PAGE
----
Terri Farley
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Phantom Stallion #19: Secret Star

A movie star horse and his trainer are coming to River Bend Ranch, and Samantha can't wait. But when Bayfire shows up, something is obviously wrong. The famous stallion has lost his sparkle.

Bayfire has to get ready for his biggest, most dangerous scene of his new movie. If Sam can't help bring back the stallion's fiery spirit, his career could be over -- and someone could get hurt.

Chapter One

Tempest had discovered her own neigh, and she wasn't afraid to use it.

Sam tried to escape the blast of high-pitched sound by pressing her spine against the wooden boards of the box stall and her palms against her ears. It didn't help much, but finally, the black filly stopped to draw a breath.

"Enough, baby," Sam crooned. 'All the other horses can hear you. They know you're the princess of River Bend Ranch."

Sam wished she could make Tempest understand, because any minute a movie star horse and his trainer would be driving over the bridge to River Bend Ranch. For a few days, Tempest wouldn't be the center of attention, even though the filly really was River Bend's princess. Tempest's sire was the swift and powerful silver stallion known as the Phantom. No one could deny he was a king among wild horses.

Tempest's mother, Dark Sunshine, had roamed free as the Phantom's queen until she'd reluctantly chosen the ranch as the safest place for her filly.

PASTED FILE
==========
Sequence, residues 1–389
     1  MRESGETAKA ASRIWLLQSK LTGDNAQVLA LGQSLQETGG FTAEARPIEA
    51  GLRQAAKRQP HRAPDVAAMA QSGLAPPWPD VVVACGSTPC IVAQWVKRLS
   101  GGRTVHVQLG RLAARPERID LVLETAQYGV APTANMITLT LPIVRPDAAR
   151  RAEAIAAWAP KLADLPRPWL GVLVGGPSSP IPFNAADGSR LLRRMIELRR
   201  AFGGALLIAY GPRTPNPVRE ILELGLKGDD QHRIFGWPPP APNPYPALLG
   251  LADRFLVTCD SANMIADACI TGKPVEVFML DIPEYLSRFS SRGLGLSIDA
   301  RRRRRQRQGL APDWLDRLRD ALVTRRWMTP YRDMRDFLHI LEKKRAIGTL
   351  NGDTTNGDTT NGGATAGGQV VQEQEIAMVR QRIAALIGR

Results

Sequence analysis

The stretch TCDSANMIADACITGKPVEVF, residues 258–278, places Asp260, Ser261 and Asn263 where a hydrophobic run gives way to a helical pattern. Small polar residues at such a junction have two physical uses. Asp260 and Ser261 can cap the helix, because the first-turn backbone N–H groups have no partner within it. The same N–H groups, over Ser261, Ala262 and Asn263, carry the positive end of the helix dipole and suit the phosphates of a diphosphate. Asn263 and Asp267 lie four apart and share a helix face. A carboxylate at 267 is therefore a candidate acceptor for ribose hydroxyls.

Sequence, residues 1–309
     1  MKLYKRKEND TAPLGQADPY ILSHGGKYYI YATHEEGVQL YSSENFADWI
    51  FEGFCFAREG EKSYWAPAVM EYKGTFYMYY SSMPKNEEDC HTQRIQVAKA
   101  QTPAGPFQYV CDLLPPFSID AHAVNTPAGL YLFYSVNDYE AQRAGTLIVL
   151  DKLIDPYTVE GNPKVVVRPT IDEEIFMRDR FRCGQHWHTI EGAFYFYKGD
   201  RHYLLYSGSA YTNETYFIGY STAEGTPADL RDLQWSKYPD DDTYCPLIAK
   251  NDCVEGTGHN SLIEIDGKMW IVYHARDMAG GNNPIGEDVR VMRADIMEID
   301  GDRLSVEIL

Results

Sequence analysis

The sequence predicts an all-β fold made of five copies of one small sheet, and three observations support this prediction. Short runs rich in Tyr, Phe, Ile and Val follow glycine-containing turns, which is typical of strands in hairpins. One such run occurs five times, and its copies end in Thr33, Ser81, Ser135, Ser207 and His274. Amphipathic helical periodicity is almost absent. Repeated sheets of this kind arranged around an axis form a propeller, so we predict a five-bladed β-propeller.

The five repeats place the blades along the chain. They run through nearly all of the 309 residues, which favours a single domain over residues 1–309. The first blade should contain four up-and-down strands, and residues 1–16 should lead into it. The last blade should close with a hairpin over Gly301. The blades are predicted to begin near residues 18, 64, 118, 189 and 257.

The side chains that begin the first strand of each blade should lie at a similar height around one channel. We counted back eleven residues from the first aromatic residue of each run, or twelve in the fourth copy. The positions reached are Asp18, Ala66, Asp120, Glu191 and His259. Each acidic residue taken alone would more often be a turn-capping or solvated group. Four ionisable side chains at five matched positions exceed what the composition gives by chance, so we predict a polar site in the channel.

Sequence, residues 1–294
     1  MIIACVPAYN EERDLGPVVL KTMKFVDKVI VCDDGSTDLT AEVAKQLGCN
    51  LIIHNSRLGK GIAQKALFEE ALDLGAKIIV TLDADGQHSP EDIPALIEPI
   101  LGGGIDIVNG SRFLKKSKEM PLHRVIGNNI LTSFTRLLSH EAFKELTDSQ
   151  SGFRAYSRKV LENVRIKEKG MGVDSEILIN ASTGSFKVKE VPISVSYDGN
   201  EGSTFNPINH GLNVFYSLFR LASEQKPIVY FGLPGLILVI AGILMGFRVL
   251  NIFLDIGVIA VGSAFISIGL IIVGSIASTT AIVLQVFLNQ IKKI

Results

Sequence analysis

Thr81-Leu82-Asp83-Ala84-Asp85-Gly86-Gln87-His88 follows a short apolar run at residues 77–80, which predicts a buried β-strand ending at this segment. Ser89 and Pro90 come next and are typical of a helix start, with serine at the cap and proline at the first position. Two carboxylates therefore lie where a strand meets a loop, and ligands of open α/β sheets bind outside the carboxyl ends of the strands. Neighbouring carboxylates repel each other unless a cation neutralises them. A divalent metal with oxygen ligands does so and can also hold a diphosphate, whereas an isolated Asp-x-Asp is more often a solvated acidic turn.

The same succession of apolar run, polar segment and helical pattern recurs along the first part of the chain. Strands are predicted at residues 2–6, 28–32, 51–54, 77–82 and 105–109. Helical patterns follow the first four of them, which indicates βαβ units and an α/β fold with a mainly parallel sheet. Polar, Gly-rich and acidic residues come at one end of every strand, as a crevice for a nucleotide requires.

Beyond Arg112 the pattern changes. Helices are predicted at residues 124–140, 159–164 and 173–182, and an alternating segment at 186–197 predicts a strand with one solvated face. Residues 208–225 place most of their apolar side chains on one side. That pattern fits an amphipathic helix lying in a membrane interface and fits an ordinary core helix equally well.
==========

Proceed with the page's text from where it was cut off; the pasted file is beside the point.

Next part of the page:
Sassy and proud, Tempest seemed totally aware 0f her heritage, and with two celebrities on the ranch, the filly might not get all the attention she thought she deserved.

Now, even Dark Sunshine had had enough of Tempest's shrill neighs.

"Hey Sunny, you're not leaving me here alone with her, are you?" Sam called after the buckskin mare.

Dark Sunshine didn't glance back. Shaking her black mane so hard that half of it flipped from the right side of her neck to the left, the mustang mare slipped out of the box stall into the corral.

Sam told herself she only imagined Sunny's sigh at the peace and quiet of the grassy enclosure.

Hands on her hips, Sam surveyed her morning's work. She'd cleaned all the stalls in the barn, raking out the soiled bedding and replacing it with sweet-smelling straw. She'd paid special attention to the big box stall where the star stallion would stay when he wasn't in the corral adjoining the one Tempest shared with her mother.

Inez Garcia an Bayfire. Excitement sprinkled down on Sam like bright confetti. Having two Hollywood celebrities right here on the ranch was almost unreal. She could hardly believe Maxine Ely, her friend Jake's mom, actually knew Inez Garcia and had recommended she and her stunt stallion stay at River Bend Ranch for a few days before shooting a scene in Lost Canyon.

Just two nights ago, Inez Garcia had called after talking with Jake's mom. Sam wished she'd been the one to answer the phone, but Brynna had left the dinner table just as the phone rang, so she'd been the lucky one.